The Revival of African Aesthetics

19 Nov 2014|leshiloth

I have not yet travelled the world as much as I would like to. And being the curious individual that I am, I have had to find other ways of satisfying my appetite for cultural exchange. Along with my imagination, I gather the many traces of culture found in literature, traditional music, photography, food, art, documentaries and more, to transport myself into another part of the world.

For instance, I’ve never been to Japan but I believe I have some understanding of that society’s most defining principles. I’ve seen it in its art of food making in director David Gelb’s documentary film, Jiro Dreams of Sushi. And Japanese design has certainly influenced modern society.

While some cultural references have become clichéd narratives in popular culture, I believe the African aesthetic may be the very next big thing across the globe.

“A cliché within itself”

Afropunk-screengrab -


Afropunk contributor, Edward Kgosidintsi, puts it very well in his article, “South African Illustrators Redefining the Afro-Aesthetic”:

“The Afrocentric aesthetic has become a cliché within itself. It’s been muffled with defunct and ill-informed iconography and filled to brim with afros, fists and animal prints referenced from overly exhausted templates that expired lifetimes ago … A captivating movement of young black illustrators, alternative designers and urban artists has recently emerged in South Africa; and it aims to remedy the semiotic misconceptions of Africa by redefining Afrocentrism one pixel at a time.”

In his feature, Kgosidintsi features some of the exceptional work of these young artists. This new creative wave can be seen in just about any medium or form.

It can be heard in the sounds of LA-based afro-global noise makers, Fool’s Gold’s hit song, Surprise Hotel — an infectious blend of Malian, Afro-pop and electro music.

It looks like the art festivals taking place in the streets of Senegal’s capital city, “Dakar’s new creative wave” (source: Design Indaba), and the works of illustrator Karabo Poppy Moletsane (source:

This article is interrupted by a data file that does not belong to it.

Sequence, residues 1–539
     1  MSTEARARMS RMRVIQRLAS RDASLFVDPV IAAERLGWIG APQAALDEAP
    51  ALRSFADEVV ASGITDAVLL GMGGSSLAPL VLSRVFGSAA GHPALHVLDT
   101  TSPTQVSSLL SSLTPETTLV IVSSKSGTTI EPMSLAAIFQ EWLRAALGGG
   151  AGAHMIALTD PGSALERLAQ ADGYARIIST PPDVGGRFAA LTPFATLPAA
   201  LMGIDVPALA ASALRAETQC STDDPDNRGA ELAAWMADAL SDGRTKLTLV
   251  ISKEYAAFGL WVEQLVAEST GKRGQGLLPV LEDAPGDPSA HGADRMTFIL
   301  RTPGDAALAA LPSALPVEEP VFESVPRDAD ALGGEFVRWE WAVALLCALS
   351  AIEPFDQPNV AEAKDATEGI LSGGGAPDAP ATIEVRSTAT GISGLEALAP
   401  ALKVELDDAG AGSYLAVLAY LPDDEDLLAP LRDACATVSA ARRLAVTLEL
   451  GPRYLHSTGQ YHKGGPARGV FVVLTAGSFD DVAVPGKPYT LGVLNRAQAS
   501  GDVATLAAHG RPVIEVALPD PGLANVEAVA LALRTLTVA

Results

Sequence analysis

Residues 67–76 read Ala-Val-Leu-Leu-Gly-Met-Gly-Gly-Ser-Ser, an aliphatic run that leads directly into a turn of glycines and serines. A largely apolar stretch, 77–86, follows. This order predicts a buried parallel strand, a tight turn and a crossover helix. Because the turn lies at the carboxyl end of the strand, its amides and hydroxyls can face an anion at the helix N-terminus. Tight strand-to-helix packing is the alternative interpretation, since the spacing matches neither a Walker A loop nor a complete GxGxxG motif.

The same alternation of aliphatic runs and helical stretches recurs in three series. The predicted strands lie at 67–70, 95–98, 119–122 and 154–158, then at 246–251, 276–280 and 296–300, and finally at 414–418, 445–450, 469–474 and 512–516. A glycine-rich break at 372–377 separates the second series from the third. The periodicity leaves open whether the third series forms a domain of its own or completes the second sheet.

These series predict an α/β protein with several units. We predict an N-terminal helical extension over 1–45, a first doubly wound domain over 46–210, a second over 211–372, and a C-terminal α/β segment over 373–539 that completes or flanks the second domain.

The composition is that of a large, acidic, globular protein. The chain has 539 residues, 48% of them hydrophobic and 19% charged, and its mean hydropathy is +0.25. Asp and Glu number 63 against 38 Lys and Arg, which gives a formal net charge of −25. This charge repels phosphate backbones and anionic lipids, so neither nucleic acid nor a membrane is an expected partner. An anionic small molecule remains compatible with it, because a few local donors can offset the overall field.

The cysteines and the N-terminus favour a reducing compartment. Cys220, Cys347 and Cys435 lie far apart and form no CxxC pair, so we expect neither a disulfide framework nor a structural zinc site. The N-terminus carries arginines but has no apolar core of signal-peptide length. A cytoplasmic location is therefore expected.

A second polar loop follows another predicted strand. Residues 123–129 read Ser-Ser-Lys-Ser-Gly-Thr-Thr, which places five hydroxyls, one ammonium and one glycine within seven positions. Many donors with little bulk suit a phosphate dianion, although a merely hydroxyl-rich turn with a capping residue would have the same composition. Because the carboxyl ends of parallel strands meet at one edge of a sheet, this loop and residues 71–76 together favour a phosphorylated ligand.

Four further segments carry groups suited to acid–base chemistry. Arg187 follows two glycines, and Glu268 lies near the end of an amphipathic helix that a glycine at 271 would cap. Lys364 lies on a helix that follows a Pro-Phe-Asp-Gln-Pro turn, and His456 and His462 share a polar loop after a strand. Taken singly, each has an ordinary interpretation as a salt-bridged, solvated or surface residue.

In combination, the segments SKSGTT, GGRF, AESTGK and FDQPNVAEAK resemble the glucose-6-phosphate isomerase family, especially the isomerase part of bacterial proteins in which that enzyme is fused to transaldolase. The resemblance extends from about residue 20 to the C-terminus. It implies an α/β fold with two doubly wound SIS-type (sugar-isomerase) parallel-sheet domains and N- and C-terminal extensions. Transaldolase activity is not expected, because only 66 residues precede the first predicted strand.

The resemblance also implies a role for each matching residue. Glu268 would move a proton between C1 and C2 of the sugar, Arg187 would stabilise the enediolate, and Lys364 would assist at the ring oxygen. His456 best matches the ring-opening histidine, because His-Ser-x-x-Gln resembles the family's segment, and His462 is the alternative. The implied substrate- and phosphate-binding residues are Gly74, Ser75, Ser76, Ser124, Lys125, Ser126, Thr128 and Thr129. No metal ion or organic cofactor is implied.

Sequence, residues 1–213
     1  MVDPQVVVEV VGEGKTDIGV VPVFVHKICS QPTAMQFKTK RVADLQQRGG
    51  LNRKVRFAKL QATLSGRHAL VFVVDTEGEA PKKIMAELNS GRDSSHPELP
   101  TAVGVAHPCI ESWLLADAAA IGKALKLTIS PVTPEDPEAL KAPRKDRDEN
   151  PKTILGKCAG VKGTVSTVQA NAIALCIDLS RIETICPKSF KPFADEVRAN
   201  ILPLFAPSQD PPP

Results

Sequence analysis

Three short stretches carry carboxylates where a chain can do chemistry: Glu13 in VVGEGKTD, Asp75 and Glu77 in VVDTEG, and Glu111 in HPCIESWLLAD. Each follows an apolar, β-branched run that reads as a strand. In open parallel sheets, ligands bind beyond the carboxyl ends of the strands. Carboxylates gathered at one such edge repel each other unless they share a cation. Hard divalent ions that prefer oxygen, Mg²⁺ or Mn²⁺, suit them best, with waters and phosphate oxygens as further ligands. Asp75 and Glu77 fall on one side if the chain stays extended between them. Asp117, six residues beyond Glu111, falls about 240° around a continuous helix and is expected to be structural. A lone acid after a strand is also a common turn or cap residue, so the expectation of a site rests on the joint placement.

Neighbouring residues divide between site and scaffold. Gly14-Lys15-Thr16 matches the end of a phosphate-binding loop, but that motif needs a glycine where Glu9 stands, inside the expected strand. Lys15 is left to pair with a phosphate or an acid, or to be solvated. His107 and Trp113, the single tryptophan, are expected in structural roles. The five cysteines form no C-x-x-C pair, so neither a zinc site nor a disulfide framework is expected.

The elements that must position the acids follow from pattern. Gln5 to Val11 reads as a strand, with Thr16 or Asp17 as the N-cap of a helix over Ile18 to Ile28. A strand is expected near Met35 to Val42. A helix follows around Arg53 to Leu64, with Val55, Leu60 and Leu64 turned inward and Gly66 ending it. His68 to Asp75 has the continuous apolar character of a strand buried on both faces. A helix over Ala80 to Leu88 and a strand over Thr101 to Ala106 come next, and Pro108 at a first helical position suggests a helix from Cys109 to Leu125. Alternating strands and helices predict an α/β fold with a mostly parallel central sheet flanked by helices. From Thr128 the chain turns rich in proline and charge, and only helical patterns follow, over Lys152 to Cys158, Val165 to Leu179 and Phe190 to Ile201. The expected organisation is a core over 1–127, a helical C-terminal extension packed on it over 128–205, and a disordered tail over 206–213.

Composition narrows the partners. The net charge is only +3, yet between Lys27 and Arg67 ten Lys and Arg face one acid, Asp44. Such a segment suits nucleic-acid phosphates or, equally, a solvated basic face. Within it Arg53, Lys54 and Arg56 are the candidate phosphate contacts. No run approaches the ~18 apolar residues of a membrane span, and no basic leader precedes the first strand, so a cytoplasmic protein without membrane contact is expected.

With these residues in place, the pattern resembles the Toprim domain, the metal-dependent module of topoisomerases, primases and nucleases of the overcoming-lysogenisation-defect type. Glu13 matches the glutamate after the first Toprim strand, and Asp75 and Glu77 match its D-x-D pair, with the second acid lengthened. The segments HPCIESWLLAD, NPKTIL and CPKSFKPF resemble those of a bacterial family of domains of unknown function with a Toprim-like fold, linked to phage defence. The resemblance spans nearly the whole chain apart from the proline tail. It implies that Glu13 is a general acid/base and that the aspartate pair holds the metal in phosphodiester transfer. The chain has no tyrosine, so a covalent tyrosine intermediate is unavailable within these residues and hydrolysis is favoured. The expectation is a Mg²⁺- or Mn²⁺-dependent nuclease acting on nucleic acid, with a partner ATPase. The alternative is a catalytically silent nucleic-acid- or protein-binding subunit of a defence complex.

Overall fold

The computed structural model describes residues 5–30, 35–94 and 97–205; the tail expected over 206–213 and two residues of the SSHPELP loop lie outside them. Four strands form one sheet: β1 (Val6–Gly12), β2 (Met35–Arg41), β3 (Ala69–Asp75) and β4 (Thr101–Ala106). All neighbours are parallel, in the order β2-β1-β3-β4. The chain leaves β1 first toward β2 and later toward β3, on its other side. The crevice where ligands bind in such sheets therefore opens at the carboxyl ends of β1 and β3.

Karabo-Poppy-Molestane-Bliksem -

Tapped into a great shift

Interestingly, this month at the Wits Art Museum, iconic hair company Black like Me has sponsored the Doing Hair: Hair and Art in Africa exhibition. As L’Oreal has done, the brand has tapped into a great shift in society where we see Africans proudly wearing their natural hair in defiance of the western aesthetic.
All over South Africa, and many other parts of the continent, we see young people expressing themselves through what they wear. We even see it reaching as far as America with the likes of singer Solange Knowles (source:, who has created her own unique sense of style and fashion based on bright, bold African prints.

Doing-Hair-Hair-and-Art-in-Africa-Wits-Art-Museum - Wits Art Museum

Researchers and curators

These are designers, artists and everyday people who take inspiration from Africa’s ancient history, art, architecture, gods and goddesses, our natural ingredients and more. They have become the researchers and curators of this aesthetic.

It’s not an entirely new aesthetic; it’s just being revived and rejuvenated with the swelling pride and energy of a new generation of Africans.

Soon enough I believe we will see kids in Paris or New Delhi sporting this aesthetic in some way or other.

Elle-November-2012-Solange-Knowles - Elle, November 2012

Look to Africa!

And, as marketers in developed markets try to find new sources of inspiration in ways to talk about their brands and product ingredients, or for those who are trying to connect with the African consumer, I believe they should look to Africa for some inspiration.

The African aesthetic is rooted, bright, bold and pulsating!


by Thabang Leshilo

Image credits: Afropunk, Wits Art Museum, Elle Magazine November 2012, 10and5


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